Mid-Year Outlook 2018 | The World in Motion
Welcome to the Adam Investment Mid-Year Outlook 2018 – The World In Motion
From smartphones to trade wars and the demographic disruption of Millennials, this issue of Mid-Year Outlook provides some insight.
In our Outlook 2018 back in January, we were confident that the growth of economies and company earnings would continue and that asset prices should grind higher, but warned that volatility would likely come back into markets after the benign environment we saw in 2017.
This has certainly proved to be the case in the first half of 2018, as concerns have grown about a trade war between the US and China, higher US interest rates, and the business models of several large technology companies, dependent as they are on exploiting their customers’ data. After falls of 10% and more in the spring, many stock markets have recovered.
This increase in volatility is entirely normal and a reversion to historic averages. In the short term, markets find plenty of things to worry about and most of them are impossible to predict. Political events and their effects on markets are perhaps the best example of this.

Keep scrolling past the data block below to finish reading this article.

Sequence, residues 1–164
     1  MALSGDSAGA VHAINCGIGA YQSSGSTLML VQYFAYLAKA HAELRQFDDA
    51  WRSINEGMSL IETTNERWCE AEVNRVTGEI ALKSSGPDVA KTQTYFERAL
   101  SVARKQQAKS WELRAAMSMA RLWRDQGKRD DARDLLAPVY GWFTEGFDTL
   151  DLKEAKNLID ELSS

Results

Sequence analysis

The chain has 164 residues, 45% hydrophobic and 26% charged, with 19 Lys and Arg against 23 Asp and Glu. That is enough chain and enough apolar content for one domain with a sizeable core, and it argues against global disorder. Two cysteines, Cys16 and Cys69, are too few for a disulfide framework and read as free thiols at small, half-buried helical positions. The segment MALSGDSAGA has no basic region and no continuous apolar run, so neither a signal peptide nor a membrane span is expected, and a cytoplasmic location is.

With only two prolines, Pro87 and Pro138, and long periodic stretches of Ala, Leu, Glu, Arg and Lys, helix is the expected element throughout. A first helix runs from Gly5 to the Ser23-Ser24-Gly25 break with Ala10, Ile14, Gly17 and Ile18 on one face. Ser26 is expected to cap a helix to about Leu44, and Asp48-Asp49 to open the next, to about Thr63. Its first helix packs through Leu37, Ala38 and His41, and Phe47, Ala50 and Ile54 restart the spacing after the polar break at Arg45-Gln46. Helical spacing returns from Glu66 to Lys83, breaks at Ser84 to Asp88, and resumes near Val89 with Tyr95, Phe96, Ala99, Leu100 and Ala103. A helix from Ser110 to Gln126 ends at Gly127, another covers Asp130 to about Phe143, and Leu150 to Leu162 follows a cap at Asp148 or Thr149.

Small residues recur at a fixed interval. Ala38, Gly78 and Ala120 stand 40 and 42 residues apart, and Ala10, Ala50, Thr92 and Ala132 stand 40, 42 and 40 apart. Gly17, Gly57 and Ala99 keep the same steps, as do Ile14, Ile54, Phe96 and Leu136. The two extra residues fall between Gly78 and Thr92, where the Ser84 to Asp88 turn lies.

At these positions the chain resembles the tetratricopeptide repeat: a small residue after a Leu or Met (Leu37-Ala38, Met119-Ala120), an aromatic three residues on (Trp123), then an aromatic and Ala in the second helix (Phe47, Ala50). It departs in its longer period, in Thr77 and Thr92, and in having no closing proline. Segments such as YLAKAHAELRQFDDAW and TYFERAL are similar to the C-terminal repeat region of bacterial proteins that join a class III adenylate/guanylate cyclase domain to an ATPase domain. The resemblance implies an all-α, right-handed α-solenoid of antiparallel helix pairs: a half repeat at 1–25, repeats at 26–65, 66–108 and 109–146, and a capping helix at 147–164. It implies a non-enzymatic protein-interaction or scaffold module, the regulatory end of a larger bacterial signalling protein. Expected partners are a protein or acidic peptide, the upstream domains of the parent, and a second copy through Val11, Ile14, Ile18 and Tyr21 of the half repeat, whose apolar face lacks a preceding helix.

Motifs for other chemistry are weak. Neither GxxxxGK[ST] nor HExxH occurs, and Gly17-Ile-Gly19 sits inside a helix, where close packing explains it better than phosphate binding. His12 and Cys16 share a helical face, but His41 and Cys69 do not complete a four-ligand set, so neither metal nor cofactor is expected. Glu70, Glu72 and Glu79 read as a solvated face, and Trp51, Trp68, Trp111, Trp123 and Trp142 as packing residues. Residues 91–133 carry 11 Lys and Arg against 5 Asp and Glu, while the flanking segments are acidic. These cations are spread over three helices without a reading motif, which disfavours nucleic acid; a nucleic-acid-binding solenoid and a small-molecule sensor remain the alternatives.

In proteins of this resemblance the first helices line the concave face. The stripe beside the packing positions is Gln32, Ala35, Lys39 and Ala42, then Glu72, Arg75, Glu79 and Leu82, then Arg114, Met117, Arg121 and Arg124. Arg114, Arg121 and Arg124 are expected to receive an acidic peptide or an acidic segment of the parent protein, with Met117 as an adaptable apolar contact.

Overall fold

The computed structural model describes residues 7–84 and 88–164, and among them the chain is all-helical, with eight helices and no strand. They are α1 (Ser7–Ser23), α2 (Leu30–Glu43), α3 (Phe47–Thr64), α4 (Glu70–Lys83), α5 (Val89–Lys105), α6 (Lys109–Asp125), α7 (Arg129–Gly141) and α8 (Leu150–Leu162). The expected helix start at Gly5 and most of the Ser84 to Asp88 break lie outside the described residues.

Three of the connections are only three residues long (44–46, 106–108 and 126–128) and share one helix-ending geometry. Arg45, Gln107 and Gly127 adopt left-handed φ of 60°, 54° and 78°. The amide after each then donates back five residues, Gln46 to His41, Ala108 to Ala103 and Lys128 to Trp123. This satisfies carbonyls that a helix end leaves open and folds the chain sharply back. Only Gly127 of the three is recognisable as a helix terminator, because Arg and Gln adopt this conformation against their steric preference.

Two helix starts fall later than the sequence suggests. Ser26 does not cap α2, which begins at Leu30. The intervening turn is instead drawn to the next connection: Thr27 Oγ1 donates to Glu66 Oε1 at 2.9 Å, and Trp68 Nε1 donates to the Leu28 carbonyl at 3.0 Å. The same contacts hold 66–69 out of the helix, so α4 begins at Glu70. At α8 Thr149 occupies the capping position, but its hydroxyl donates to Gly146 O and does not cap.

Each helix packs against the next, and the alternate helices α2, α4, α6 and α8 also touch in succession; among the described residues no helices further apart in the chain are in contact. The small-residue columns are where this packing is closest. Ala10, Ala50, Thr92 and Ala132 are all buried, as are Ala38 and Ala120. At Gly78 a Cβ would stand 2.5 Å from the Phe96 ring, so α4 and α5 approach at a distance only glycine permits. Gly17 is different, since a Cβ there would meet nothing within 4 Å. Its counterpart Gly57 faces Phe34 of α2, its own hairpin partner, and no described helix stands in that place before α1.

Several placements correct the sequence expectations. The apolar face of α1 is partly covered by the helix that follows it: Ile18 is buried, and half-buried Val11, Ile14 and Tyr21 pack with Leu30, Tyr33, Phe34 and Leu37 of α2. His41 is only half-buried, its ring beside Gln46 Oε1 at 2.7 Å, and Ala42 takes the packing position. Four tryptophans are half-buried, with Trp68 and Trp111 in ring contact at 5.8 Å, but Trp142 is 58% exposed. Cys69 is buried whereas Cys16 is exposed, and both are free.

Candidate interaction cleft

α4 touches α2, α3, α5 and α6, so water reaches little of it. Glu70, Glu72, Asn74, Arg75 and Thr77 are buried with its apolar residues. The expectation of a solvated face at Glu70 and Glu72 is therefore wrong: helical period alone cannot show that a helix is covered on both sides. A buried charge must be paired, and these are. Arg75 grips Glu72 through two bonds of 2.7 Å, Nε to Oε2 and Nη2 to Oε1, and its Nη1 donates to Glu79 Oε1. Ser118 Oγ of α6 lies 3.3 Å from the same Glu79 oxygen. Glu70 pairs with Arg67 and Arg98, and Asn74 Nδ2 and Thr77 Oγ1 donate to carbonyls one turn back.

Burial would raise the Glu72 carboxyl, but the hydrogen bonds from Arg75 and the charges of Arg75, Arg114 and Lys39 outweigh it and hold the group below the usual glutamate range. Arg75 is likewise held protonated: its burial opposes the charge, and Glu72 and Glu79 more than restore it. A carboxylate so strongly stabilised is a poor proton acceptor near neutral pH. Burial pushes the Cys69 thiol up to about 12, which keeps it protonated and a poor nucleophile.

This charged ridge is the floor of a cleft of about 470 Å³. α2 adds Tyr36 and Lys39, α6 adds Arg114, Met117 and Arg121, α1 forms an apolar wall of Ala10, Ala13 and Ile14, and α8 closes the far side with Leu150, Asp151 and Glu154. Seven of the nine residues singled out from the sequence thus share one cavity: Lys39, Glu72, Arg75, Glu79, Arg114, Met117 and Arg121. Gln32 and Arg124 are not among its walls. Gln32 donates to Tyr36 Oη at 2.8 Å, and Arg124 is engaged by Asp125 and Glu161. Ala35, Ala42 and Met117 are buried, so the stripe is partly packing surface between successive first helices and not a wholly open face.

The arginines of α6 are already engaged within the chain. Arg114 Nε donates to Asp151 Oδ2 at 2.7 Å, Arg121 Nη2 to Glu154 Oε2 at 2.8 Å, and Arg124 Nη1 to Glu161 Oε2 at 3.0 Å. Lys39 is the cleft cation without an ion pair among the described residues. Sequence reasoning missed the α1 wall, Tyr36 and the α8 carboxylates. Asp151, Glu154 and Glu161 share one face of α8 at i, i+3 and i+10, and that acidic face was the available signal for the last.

Looking beyond these however, what we said six months ago still rings true – whilst wary of short term fluctuations, we must be aware of deep structural changes taking place in the world and how they may offer long term opportunities and threats to our investments.
In this mid-year update, we discuss more of these structural themes which have emerged. We examine how a new group of consumers – those who have come of age this millennium – are affecting businesses and their strategy. We wonder whether the growth of free trade since the end of World War II is about to go into reverse. And we also look at the smart phone market and how they are influencing society.
We hope you enjoy reading these articles.
Managing Director, Adam & Company
Millennials and their money
Drawing the line between one generation and another is not an exact science. However Millennials – loosely defined as being born in the 80s and 90s and coming of age in the new millennium – are seen as a distinct group by demographers.